Budget Commentary 2017 - a legal commentary
Budget 2017 is complete. Amid intense financial pressure due to public sector net borrowing worsening and the current uncertainty in the economy due to Brexit, the Chancellor has outlined the government's plans to create a sustainable future for Britain. He outlined a balanced approach to reducing Britain's deficit whilst encouraging growth and investment.
Key Highlights from the Budget 2017:
- Stamp duty abolished for first time buyers up to £300k, or £500k in London.
- £44bn capital investment to boost the housing market. Construction of 300,000 homes being built every year.
- Diesel cars which don't meet quality standards by 2018 wil be hit by additional tax.
- £40m to train maths teachers and £600 Maths premium for every additional pupil who takes A level or core maths.
- National living wage increased by 4.4pc to £7.83 from £7.50.
- Extra £10bn capital investment to the NHS over this parliament.
- No reduction in VAT to small businesses. Uplifting of business rates based on the CPI inflation index not RPI by two years, saving businesses £2.3bn.
- Investment in broadband and infrastructure - £500m investment in 5G and £400m investment into electric cars.
From some of the key points announced we provide responses from Fieldfisher industry experts, voicing their response to the Budget 2017.
Budget Review: Oil and Gas
"The Chancellor has gladdened the heart of the UK offshore oil & gas industry by announcing that from November 2018 that tax history is transferred from seller to buyer when UK North Sea assets are sold on. This change is calculated to increase the economic viability of mature oil and gas fields on the UKCS and so delay the onset of decommissioning, thereby generating more revenue for companies and the Treasury alike as well as save the Treasury as much as £10 million per annum in deferred tax relief. The offshore industry has been seeking this change for some time and something which their trade body, Oil & Gas UK has championed. As the oil price continues to firm up and companies continue to drive down the cost in producing a barrel of oil from the North Sea, this tax change can only help to fill the sails of an industry sector that has had to weather some very troubled waters over the last few years.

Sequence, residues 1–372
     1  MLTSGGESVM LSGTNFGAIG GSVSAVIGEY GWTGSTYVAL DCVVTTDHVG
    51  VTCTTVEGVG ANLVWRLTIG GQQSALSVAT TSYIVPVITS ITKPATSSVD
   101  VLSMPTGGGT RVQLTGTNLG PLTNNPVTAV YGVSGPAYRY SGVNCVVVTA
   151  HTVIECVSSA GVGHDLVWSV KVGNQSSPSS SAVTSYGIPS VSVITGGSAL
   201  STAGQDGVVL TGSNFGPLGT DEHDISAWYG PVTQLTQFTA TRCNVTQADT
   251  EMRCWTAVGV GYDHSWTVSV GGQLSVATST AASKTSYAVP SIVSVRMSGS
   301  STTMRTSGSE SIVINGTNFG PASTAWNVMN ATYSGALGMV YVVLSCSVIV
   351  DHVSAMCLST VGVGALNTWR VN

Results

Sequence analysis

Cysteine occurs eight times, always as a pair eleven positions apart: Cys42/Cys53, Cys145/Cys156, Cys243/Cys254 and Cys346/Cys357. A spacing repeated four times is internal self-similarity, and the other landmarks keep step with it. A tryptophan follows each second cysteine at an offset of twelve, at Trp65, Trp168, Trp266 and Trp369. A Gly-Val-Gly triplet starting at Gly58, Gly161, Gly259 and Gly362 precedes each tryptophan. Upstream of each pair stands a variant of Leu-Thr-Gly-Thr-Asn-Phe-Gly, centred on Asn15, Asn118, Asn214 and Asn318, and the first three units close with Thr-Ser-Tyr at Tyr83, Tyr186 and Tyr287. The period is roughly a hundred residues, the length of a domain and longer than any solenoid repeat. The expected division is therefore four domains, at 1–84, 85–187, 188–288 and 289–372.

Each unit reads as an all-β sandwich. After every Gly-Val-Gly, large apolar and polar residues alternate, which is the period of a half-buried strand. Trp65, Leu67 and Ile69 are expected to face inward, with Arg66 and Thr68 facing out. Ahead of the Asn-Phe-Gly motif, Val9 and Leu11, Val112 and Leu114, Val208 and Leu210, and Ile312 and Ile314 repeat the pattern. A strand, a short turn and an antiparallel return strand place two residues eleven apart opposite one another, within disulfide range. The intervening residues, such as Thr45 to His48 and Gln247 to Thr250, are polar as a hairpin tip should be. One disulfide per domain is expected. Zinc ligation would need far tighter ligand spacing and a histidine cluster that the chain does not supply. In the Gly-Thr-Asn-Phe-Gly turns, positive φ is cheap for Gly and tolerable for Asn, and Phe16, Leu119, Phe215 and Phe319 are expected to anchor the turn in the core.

This change is likely to attract new investment into the North Sea, much of which will be through new smaller players as more established companies continue to rationalise their portfolios as we see only today with BP announcing the sale of 3 mature fields to Serica Energy." Stuart Carter, Partner, Corporate Group
Budget Review: Technology
"We welcome the Government's announcement that it will invest £500m in tech industries, not least in the context of the fast-paced technological disrupters affecting industry: autonomous vehicles, AI, blockchain perhaps and the imminent arrival of 5G.
"While not looking the proverbial gift horse in the mouth, we also have to acknowledge that the amount is relatively modest in the context of the pace of change: significant investment will no doubt be driven by the private sector." Robert Shooter, Partner, Head of Technology, Outsourcing and Privacy
Budget Review: Employment
"This was, as most Budgets are, a political budget with plenty of announcements designed to attract voters and to mask the significant reduction in GDP growth figures. While there was assurance of additional spending to assist with other parts of the Northern Powerhouse, such as Newcastle upon Tyne, Redcar and Tees Valley, the closest the Chancellor came in assisting the North West more specifically, was an announcement that Trans Pennine trains would receive Wi-Fi connectivity. There is no additional spending commitment on infrastructure in the North West beyond that announced in previous budgets.
"The Budget could help many ordinary people throughout the UK by the increase in National Minimum Wages, National Living Wage and the income tax personal allowance, help to first time buyers in stamp duty scrappage, and a change to business rate increase and evaluation periods, but there is no Northern give away on this occasion." David Carmichael, Partner, Employment and Pensions